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Volume 26 No. 49
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Hank Haney Apologizes For Comments About LPGA Players

Haney tweeted an apology after being criticized by Michelle Wie and others online for his comments

Golf instructor and radio personality Hank Haney "apologized for insensitive comments" he made about LPGA players during his SiriusXM radio show, according to Mark Schlabach of Asked yesterday about the 74th U.S. Women's Open being played this week, Haney "joked that he was going to predict that a Korean would win and added that he couldn't name six players" on the LPGA, "except for those with the last name Lee." Haney's comments were "quickly criticized on social media," including in a pair of tweets from golfer Michelle Wie. She tweeted, "Racism and sexism are no laughing matter Hank....shame on you. I don't ever do this, but this must be called out." Shortly after Wie criticized Haney, he "issued an apology on Twitter." LPGA Commissioner Mike Whan said the tour "won't get sidetracked by individuals that simply don't get it" (, 5/29). Golfer Stacy Lewis said, "I’ve never seen Hank Haney at an LPGA event, so I don’t know how he could make those comments" (Charleston POST & COURIER, 5/30).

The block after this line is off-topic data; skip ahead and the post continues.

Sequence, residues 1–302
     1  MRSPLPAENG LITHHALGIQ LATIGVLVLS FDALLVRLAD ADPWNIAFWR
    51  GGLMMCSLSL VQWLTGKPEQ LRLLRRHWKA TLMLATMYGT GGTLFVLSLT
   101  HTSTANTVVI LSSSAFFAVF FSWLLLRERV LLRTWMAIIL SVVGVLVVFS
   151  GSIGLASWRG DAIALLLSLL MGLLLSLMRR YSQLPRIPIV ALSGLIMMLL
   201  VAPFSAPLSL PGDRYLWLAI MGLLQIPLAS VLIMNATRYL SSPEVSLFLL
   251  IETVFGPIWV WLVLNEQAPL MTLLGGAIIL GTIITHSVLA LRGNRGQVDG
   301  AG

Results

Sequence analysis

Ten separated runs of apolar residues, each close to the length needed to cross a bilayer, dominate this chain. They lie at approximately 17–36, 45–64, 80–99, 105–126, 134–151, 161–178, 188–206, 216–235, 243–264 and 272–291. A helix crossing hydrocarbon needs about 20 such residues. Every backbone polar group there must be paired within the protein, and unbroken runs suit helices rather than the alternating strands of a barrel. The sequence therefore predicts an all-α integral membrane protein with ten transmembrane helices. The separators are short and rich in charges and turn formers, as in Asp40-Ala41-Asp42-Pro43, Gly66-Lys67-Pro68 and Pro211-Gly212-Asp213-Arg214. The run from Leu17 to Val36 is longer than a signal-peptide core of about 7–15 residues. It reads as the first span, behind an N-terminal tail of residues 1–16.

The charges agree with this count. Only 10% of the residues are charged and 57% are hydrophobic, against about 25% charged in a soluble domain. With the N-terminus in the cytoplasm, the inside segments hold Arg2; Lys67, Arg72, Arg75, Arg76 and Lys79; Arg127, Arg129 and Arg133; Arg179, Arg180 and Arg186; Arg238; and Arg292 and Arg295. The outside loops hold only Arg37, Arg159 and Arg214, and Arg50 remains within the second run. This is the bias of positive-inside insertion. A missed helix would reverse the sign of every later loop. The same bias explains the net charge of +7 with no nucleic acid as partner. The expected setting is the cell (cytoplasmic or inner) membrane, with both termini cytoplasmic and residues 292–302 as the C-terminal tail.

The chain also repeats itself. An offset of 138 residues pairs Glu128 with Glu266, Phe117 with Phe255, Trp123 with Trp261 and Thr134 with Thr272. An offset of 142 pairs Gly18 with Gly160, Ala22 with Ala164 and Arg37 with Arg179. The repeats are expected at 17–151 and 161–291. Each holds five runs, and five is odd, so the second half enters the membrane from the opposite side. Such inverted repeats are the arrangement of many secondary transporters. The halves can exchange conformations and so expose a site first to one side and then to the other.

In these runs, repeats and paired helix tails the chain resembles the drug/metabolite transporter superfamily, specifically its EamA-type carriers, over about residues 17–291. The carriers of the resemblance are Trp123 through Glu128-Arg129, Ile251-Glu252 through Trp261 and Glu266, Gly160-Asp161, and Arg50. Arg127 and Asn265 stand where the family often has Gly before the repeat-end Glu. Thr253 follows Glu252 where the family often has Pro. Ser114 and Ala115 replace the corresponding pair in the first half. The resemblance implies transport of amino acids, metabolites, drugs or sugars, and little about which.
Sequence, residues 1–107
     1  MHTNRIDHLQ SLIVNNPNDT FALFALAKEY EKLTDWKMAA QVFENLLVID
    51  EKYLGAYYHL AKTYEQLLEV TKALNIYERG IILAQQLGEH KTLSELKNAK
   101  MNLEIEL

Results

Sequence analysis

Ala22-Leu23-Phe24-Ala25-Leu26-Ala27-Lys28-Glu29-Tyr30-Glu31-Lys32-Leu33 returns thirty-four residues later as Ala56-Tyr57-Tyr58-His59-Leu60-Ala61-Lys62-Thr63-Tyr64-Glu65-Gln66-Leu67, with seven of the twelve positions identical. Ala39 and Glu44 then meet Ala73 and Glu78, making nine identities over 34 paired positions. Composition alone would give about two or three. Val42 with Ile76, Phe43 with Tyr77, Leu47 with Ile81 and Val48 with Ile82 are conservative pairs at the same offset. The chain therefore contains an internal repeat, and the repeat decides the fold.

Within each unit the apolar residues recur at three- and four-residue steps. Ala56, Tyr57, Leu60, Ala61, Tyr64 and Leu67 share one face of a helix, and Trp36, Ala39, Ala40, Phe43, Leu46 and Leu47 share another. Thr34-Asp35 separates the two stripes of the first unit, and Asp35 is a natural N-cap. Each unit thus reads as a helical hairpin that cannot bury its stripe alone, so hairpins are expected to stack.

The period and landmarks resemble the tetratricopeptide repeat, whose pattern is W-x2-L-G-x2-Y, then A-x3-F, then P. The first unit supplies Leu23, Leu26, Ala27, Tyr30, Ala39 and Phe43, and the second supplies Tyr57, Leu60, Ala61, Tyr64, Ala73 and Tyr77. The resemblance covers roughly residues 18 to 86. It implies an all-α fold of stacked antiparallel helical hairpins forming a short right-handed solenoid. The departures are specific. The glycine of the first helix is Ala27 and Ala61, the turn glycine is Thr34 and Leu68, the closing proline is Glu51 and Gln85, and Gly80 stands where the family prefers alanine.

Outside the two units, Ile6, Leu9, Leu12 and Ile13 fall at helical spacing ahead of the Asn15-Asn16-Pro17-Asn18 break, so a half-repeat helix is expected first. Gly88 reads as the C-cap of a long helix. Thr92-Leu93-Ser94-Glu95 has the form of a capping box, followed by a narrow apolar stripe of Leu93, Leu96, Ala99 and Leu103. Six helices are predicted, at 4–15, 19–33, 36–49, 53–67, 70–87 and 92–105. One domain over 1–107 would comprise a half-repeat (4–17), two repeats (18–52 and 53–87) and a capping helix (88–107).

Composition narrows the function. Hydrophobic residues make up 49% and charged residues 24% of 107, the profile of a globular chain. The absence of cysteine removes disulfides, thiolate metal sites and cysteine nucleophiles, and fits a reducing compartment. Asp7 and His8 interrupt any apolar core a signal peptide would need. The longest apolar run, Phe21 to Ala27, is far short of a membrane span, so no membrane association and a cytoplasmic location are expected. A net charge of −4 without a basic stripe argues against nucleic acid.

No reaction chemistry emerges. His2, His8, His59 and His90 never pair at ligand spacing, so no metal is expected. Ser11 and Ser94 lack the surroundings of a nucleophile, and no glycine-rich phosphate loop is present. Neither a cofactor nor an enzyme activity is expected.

SEEKING REPERCUSSIONS: USA TODAY's Christine Brennan writes if Haney is "not fired" from his radio job and "every other role he plays in golf and the news media ... then the leadership of the game, the PGA Tour and SiriusXM is condoning racism, sexism and xenophobia while basically telling everyone who isn’t a white male that golf is not the sport for them." This "wasn’t just any old interview with a local station." This was said on the PGA Tour’s "flagship SiriusXM show" (USA TODAY, 5/30). Golfer Karrie Webb tweeted if the PGA Tour is "truly serious about supporting" the LPGA, Haney and his co-host Steve Johnson "won't have a voice anymore" (, 5/29).

THE REAL ISSUE?'s Alex Miceli writes though Haney’s comments were "racist and sexist, that fact doesn’t necessarily mean that he is a racist or sexist." It does, however, "highlight issues with how women often are perceived in the U.S., and to a lesser extent how women’s professional golf is viewed, especially by men." Miceli: "Let’s see what Haney will do beyond his apology to support women’s golf. Then, maybe we can find a silver lining for what has been a gray day for women’s golf" (, 5/30).